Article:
by Mary C. Long
Did you know you had an interests lists option on Facebook? And do you even know what they are? Well, I’m about to tell you, but if you read nothing further, know this: They’re pretty terrible for businesses, and they can be great for individuals. Yes, Facebook actually does help you protect your own best interests (via lists).
by Will Viharo
Marketing is essential for any business, but complex jargon and techniques used by full-time marketing pros often leave DIY’ers feeling left out in the cold, unable to compete.
What if there was a new iPhone app aimed at leveling the playing field so rising entrepreneurs could market their products and services as expertly as the bigwigs? Just so happens, there is.
By Geoff Gillette
Social Media, which many assumed would be a short-term fad, has ballooned over the past ten years becoming the go-to method for many people to maintain social interactions, stay informed and shop. With that being said, would it not make sense that business leaders would want to ride that wave hoping to cash in?
Strangely enough, despite the growing number of people using social media and the ever burgeoning field of social media outlets to choose from, a 2014 study by CEO.com and DOMO shows 68% of Fortune 500 CEOs have NO social media presence whatsoever.
Which is a big mistake.
by Kim Niemi
Every business has a busy season – or a few. It’s easy to promote what’s going on during peak times, but keeping your brand top-of-mind during the off-season can be challenging, but it can be done. Need an example?
AMC’s mega-hit series The Walking Dead returns this Sunday for its fifth season after a 28-week hiatus (not that anyone’s counting). How have they kept even their most obsessed fans from jonesing? A savvy marketing plan that continues to keep everyone up to their decaying eyeballs in content about the cult favorite.
And they're not doing anything you can't do.
Without the budget to outsource SEO, many small businesses choose to ignore it altogether — it’s too complicated, it takes too much time, there are better things to be doing. And while these are all valid points, optimizing your site for search engines is extremely valuable if you’re running a business. Who checks the second page of Google? Who even reaches the bottom of page one? If you’re not ranking in the top 10 for your chosen search term, the chances of anybody visiting your site drop pretty significantly.
In a nutshell, keyword research means figuring out what people will be searching for if they want to reach your site. It also means sifting through these search terms, seeing which get the most searches and which are too difficult for you to rank for.
If you’re serious about this, you can use tools like Moz Pro (subscription), Serpfox (subscription), SERPs (free) and Market Samurai (keyword research tool is free, but other features expire after trial is up.) If you’d rather not spend any money, you can use Google Adwords Keyword Planner to find keywords that you may want to use on your site.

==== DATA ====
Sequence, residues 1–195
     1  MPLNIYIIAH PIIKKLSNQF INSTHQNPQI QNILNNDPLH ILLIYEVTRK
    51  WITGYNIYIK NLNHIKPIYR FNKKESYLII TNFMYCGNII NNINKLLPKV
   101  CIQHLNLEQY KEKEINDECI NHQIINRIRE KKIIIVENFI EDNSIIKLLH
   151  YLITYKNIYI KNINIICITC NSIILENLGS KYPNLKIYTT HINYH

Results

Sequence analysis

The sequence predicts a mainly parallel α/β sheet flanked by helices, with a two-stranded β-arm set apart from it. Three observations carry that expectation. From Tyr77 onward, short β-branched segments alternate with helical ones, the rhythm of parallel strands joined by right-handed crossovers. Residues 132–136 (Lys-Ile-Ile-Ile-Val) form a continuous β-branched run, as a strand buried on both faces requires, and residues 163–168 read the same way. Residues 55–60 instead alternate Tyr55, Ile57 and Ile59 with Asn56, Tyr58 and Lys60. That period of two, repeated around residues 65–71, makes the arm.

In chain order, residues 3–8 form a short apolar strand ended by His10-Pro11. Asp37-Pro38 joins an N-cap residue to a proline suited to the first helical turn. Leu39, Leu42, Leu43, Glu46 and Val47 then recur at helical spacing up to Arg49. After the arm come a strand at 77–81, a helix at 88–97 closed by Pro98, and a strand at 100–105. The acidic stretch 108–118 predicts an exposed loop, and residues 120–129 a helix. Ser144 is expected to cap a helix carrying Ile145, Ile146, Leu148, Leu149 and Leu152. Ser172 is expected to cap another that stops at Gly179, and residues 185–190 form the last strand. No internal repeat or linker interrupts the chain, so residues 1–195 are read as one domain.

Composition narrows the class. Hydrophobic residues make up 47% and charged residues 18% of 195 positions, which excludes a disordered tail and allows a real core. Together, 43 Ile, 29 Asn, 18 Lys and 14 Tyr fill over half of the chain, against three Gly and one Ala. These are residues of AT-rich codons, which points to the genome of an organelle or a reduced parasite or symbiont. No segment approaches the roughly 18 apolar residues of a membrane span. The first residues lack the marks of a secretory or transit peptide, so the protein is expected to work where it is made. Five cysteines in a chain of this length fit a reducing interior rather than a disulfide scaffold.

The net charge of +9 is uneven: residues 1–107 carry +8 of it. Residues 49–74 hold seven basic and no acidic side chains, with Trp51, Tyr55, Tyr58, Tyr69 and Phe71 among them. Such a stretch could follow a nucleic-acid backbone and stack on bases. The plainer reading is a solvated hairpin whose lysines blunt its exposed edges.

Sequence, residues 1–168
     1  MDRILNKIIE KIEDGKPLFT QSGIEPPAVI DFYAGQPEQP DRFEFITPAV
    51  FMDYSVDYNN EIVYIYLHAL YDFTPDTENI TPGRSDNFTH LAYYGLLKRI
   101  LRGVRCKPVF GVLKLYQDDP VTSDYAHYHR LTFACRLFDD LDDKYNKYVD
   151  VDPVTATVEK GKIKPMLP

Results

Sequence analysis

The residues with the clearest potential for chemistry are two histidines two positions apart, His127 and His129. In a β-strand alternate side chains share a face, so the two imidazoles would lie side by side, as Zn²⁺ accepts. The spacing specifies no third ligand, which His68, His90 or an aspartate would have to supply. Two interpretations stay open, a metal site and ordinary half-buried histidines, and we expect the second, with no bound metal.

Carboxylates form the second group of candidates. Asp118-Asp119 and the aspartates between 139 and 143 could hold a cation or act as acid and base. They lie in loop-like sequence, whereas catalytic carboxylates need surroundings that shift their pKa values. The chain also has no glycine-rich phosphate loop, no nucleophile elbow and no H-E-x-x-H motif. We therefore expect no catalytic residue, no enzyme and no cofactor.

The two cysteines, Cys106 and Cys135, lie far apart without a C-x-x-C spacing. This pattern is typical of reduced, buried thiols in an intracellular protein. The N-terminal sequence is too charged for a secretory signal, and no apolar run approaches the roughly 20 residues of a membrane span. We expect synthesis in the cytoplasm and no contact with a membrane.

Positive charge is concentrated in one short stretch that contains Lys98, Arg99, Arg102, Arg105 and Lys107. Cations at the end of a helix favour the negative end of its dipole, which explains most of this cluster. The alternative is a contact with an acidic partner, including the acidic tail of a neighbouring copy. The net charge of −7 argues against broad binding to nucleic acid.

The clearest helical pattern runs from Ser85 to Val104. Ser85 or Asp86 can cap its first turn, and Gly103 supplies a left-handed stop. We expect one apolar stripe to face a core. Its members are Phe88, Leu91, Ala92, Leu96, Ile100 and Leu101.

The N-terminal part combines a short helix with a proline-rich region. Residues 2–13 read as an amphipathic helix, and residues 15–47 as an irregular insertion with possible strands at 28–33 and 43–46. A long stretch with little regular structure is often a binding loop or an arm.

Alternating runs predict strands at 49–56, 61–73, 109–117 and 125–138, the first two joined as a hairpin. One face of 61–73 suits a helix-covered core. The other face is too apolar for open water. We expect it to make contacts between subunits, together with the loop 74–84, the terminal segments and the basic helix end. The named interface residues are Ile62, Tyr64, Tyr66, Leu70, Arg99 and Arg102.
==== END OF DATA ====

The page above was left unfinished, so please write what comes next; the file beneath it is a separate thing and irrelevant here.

When picking keywords, the trick is to make sure they’re not too general and not too specific. For example, the chances of you ranking highly for “notebooks” are zero. The chances of you ranking for “small yellow spiral-bound leather notebooks” are much higher, but a keyword like that is not going to get many searches each month. Probably about ten. Maybe not even that.
“Luxury leather notebooks” or “small yellow notebook”? Assuming your website isn’t a disaster zone with a million bad backlinks and a page-load time of ten seconds, and assuming you actually sell small leather notebooks, you probably have a good chance of ranking on the front page.
So, to generate keywords using Keyword Planner or Market Samurai, you’d type in your “main” keyword (this will be different for each page) and then try to incorporate the suggestions into your copy.
For a site selling leather notebooks, you might want to use “luxury leather stationery” and “leather notebooks” for the homepage, and then “leather diaries” and “leather journals” for a product category page. This is known as keyword targeting — choosing when and where to use your keywords, rather than scattering them randomly about your site and hoping for the best.
A lot of this is common sense, although tools like Serpfox and SERPs can tell you exactly which pages are ranking for a particular keyword and what your search engine results page (SERP) position is.
Aim to use your most important keywords once for every 100 words of copy on your webpage. For less-important keywords, one or two instances will still make a difference. If a keyword isn’t relevant, don’t use it in the hope that you’ll attract extra visitors — you don’t need that traffic. It’ll increase your bounce rate (bad) and Google won’t approve (also bad).
Wherever you can type text, you can use keywords. For Web 201 in the coming weeks, we’ll be talking about on-site optimization for images, videos, and more — so sign up to Get Ghost Tips so you won’t miss out.
By Geoff Gillette
Drag Queens, transgenders and all those affected by Facebook’s recent crackdown on their naming policy can now breathe a sigh of relief…sort of. In response to the outcry from members of the LGBTQ community, the word out of Menlo Park is, “I’m sorry.”
In a status update posted to his own account on Oct. 1, Facebook Chief Product Officer Chris Cox apologized for the crackdown and “the hardship that we’ve put you through.”
But the question now becomes, was it an apology motivated by actual concern for people or a concern for loss of users?